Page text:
Google has been showing off mockups of tablets running the upcoming Chrome Operating System for ages, but the folks at CNET spotted a number of changes in the source code for the web browser-based operating system that show some real work is being done to optimize Chrome OS to run on tablets. Google continues to insist that the first Chrome OS devices scheduled to hit the streets this summer will be notebooks, but tablets might not be that far behind.
We recently saw a revised new tab page which is designed for touch controls. CNET reports there’s also a virtual keyboard in the works, support for screen rotation, support for touch-optimized web sites, and a new user agent string for touchscreens.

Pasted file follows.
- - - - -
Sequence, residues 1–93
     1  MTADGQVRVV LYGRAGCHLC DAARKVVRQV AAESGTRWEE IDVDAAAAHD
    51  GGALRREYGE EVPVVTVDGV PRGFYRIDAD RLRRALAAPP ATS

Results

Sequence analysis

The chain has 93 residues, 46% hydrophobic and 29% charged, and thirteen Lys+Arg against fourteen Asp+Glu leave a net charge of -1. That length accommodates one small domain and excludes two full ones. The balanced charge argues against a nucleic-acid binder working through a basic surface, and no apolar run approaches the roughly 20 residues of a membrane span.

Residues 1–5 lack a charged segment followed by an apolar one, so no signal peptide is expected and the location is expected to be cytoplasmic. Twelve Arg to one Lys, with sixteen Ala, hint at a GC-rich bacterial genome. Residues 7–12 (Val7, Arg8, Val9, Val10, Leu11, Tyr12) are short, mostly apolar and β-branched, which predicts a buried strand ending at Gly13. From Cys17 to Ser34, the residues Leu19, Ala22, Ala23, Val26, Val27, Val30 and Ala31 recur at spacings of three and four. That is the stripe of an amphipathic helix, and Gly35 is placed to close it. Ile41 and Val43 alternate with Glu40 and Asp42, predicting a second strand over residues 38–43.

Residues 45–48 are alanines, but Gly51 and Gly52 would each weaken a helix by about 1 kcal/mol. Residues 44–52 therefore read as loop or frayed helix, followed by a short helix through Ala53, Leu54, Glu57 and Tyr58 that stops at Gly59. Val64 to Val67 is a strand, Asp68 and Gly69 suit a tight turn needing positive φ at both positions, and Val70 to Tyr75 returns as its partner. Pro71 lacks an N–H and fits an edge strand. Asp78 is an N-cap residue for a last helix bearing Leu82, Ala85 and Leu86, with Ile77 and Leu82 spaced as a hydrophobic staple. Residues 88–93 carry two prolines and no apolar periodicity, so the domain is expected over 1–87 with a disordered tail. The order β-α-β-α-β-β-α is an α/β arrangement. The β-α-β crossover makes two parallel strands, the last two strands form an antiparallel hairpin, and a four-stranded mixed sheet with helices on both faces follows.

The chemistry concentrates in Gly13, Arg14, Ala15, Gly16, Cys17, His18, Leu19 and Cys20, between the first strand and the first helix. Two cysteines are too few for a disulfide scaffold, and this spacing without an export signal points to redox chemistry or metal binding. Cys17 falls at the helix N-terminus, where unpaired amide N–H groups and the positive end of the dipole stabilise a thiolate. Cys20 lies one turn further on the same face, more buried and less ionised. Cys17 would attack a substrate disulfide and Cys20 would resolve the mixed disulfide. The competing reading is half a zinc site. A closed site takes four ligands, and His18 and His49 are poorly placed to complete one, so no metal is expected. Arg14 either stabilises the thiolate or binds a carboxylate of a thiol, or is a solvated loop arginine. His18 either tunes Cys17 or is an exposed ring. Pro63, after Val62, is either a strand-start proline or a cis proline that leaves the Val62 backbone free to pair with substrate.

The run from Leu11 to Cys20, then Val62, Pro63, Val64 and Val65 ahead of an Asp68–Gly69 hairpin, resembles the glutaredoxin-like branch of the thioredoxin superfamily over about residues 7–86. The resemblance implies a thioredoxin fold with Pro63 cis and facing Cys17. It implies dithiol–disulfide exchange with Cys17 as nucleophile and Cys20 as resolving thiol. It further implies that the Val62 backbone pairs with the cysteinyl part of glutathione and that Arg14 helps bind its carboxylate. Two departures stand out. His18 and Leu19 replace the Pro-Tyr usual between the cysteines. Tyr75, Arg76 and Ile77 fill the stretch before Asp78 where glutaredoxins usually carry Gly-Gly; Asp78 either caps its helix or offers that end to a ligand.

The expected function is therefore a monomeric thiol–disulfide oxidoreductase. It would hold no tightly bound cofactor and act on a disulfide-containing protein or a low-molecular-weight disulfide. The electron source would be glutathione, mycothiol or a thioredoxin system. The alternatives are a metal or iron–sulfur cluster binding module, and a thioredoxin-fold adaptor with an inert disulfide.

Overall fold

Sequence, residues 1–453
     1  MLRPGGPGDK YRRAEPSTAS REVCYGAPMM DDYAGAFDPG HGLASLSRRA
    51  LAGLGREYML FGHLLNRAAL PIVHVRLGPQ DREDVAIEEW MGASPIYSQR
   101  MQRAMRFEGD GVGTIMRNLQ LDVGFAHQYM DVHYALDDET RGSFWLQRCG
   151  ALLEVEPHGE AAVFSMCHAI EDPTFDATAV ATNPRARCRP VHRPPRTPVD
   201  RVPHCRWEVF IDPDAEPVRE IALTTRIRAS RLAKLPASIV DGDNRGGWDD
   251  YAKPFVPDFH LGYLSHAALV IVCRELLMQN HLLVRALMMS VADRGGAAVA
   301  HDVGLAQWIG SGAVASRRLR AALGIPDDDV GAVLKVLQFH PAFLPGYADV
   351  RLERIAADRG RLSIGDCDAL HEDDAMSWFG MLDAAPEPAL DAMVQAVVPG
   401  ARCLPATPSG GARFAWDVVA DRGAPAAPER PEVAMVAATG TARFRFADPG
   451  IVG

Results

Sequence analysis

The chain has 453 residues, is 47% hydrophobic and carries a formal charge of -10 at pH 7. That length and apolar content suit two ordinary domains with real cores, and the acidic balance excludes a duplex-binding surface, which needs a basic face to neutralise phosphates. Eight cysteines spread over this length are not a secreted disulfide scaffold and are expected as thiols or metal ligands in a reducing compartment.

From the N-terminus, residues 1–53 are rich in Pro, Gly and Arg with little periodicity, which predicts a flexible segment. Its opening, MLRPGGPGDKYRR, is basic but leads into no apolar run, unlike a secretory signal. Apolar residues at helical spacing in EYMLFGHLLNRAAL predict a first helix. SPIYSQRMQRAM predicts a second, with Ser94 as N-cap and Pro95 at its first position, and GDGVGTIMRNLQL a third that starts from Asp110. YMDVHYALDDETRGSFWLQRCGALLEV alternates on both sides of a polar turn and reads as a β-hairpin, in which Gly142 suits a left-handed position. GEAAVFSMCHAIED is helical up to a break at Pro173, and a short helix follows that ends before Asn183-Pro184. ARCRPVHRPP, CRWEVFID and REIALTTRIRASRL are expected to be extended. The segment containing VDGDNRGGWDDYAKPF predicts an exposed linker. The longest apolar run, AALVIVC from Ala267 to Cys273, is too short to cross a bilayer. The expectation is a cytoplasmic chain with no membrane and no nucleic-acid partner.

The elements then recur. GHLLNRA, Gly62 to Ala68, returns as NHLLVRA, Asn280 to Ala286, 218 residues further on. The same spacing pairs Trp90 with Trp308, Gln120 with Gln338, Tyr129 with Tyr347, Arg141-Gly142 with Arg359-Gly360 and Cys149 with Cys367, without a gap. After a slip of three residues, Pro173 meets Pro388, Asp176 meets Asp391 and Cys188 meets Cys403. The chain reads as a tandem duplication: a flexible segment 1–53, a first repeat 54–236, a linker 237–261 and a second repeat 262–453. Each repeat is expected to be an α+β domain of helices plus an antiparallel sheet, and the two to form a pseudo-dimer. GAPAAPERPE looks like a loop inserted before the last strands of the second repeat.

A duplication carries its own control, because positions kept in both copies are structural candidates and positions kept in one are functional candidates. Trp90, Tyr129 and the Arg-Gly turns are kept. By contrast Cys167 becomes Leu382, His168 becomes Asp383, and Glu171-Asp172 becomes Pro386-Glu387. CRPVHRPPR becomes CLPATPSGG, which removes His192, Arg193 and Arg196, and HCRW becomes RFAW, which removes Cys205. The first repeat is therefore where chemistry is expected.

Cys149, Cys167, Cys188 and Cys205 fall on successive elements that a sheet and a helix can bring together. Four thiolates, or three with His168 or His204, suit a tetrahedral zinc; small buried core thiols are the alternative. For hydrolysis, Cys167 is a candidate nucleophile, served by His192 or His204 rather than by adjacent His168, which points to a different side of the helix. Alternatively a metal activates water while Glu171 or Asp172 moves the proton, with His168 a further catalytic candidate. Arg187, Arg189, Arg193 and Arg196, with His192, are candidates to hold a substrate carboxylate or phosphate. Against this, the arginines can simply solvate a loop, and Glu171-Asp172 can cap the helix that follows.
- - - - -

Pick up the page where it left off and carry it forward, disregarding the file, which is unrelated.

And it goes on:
It’s still not entirely clear why Google is working on Chrome OS when the company already has a hit on its hands with the Android operating system for phones and tablets.
After all, Chrome OS is basically a web browser which runs web-based apps, and there’s no reason you couldn’t run that web browser just as easily from an Android environment (or Windows, Linux, or OS X) as from Chrome OS. And like Chrome OS, Android loads quickly, supports instant on/off and always connected capabilities, and stores much of your data online so it can be accessed from any device. The difference is that Android also supports native apps that run when you’re offline, making the OS much more versatile.